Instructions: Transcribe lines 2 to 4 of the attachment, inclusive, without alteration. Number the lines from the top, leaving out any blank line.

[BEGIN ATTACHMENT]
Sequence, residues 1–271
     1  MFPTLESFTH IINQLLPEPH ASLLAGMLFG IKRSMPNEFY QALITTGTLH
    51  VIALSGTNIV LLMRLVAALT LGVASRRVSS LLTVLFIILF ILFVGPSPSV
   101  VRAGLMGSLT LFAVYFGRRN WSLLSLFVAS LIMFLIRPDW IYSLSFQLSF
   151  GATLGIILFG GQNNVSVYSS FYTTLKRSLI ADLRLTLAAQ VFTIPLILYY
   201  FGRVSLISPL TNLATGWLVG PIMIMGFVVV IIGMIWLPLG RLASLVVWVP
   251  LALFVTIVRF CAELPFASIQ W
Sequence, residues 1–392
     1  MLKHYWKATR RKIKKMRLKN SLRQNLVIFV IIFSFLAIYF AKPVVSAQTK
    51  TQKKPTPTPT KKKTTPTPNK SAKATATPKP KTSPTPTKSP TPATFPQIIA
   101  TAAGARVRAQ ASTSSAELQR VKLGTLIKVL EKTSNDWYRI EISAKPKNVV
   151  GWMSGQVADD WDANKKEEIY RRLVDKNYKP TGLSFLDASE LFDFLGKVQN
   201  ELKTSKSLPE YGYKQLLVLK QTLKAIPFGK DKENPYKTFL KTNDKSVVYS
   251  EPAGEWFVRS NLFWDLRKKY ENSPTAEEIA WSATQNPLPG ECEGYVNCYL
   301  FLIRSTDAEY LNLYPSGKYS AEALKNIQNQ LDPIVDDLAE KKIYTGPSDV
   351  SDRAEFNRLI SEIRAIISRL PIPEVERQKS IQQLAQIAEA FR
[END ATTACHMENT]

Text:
     1  MFPTLESFTH IINQLLPEPH ASLLAGMLFG IKRSMPNEFY QALITTGTLH
    51  VIALSGTNIV LLMRLVAALT LGVASRRVSS LLTVLFIILF ILFVGPSPSV
   101  VRAGLMGSLT LFAVYFGRRN WSLLSLFVAS LIMFLIRPDW IYSLSFQLSF